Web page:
This review is for the Game Boy version of Pokémon Blue Version. The screenshots used in this review are from that version, played on the Super Game Boy 2 attachment for the Super Nintendo Entertainment System.
There’s a lot about the Pokémon series that makes it interesting to discuss, but the thing that stood out to me above all else when I played through the original instalments – Red Version and Blue Version – was how impressive of a technical accomplishment they are. I love to see great things achieved in the face of major limitations, and for games, limitations don’t get much more major than being developed for the original Game Boy – a handheld platform from 1989 with a black-and-white, 160×144 screen that was already seven years old at the time of these games’ release. Not only did these games go on to collectively become the best-selling game on the platform bar the pack-in port of Tetris and kick off one of the biggest pop culture phenomena the modern world had ever seen, but they also manage to be fleshed-out, fully-featured titles that hold up even to this day thanks to solid battle mechanics, a varied and detailed world, and, at the core of it, really good creature designs that pull a fair chunk of the weight in making me want to explore that world.
Sure, there are some sub-par designs in the mix, but the major advantage that Red and Blue have over their successors is the concentration of Pokémon that are not only interesting and full of enough personality to make me want to use them, but also fit within a coherent style well enough that you’ll never run into something and feel like you’ve stepped into a whole new game. This is a problem that a lot of players, new and old, seem to have with the most recent instalments – any specific period of the series’ lifespan carries with it a distinct style, and where later games mash together a selection of them from different games, this pair have the original 150 and that’s it. Even if there’s a weaker character design in there, it at least fits in with those around it in a way that means that even if it’s ugly or boring, it’s never jarring. I love how much the Kanto Region’s cast of characters work well together in this way, but even more than that I love how every bit of personality that is conveyed through these colourful designs is done with tiny, low-resolution and totally immobile sprites. Every time an exciting new species appears it activates a little neuron in the 10-year-old boy brain that’s never far from the surface of my own, and it all just speaks to how much Game Freak’s art team was able to do with so little that even after playing all of the series’ 3D titles, I still get so much joy out of these tiny sprites and their horrible screeches.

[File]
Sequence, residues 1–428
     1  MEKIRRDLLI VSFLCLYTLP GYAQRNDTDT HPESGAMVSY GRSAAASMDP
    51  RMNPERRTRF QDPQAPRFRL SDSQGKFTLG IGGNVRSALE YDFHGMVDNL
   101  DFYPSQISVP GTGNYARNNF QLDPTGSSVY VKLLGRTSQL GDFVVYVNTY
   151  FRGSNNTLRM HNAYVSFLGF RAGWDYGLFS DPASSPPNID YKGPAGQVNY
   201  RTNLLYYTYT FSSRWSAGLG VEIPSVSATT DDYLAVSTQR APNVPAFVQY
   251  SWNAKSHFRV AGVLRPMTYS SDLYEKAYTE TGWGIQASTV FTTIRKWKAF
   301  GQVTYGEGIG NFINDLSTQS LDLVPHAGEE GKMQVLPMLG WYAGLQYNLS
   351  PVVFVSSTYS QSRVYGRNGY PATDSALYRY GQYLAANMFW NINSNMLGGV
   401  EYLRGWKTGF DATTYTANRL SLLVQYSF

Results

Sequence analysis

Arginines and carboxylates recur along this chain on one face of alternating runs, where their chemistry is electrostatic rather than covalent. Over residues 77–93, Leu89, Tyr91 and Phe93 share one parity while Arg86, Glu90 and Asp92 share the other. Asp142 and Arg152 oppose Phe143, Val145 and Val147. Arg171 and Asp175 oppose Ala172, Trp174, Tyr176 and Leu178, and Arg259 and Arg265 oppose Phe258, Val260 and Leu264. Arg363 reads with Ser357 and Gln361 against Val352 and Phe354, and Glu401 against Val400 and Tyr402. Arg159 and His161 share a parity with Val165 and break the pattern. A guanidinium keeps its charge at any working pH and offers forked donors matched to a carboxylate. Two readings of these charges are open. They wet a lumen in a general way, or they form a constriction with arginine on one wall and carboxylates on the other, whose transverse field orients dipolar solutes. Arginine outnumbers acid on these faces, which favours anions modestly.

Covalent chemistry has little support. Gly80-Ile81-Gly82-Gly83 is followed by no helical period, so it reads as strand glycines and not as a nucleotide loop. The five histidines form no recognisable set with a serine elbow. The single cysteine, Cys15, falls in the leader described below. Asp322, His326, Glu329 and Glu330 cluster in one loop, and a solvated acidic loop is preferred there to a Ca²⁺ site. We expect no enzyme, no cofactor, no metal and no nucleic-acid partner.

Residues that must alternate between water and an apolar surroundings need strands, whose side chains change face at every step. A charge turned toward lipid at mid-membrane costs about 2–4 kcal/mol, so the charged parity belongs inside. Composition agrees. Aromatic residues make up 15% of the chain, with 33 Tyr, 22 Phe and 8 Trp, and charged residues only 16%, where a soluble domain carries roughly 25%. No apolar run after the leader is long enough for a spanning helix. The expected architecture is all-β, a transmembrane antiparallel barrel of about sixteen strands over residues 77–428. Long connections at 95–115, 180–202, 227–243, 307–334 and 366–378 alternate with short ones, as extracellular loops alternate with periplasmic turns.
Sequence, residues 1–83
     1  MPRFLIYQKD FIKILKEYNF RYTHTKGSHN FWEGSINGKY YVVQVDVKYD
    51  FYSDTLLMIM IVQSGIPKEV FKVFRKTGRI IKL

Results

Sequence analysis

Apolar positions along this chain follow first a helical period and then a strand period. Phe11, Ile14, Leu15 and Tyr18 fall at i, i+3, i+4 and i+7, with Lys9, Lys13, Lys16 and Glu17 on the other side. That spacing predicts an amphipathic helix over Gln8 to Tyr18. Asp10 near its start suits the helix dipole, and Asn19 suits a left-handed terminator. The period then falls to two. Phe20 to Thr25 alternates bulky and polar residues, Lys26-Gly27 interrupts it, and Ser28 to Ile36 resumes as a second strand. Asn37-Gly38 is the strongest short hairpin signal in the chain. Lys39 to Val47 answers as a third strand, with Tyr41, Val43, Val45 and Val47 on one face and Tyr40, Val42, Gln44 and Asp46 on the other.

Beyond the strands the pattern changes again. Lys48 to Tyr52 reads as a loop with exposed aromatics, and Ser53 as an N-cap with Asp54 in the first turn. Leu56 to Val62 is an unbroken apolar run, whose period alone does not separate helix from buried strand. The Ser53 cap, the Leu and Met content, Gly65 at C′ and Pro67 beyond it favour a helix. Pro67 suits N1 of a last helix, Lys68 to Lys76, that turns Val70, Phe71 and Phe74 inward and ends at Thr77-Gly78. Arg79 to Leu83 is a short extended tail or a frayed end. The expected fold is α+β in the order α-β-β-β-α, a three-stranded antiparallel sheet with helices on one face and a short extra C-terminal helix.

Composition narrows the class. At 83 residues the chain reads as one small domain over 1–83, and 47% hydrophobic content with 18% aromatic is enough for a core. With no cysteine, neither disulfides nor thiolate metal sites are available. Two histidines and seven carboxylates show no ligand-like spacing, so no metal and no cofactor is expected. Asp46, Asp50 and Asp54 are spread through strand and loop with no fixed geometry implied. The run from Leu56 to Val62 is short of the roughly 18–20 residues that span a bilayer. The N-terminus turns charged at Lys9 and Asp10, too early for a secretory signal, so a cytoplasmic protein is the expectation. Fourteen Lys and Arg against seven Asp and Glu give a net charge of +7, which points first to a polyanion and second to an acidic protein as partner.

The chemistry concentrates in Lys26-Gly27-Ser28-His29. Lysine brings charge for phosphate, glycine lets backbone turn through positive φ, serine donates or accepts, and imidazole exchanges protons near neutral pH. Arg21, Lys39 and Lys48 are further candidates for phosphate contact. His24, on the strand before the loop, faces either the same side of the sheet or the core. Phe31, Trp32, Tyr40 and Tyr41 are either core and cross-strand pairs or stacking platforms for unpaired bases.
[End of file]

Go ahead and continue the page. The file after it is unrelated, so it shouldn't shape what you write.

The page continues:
This would all be for naught if Red and Blue weren’t fun games, and bar a few little frustrations (including some that the series never quite shook off), they are. It feels far less like a game that can be mastered than the later entries, given the scarcity of items and the limited variety of techniques that each Pokémon can actually learn. Most of the roster have their effectiveness tied to the availability of TMs – rare, single-use items that teach a single, powerful attack to a compatible Pokémon, which incentivises thoughtful planning and forces you to agonise over who you actually want to have in your party of six.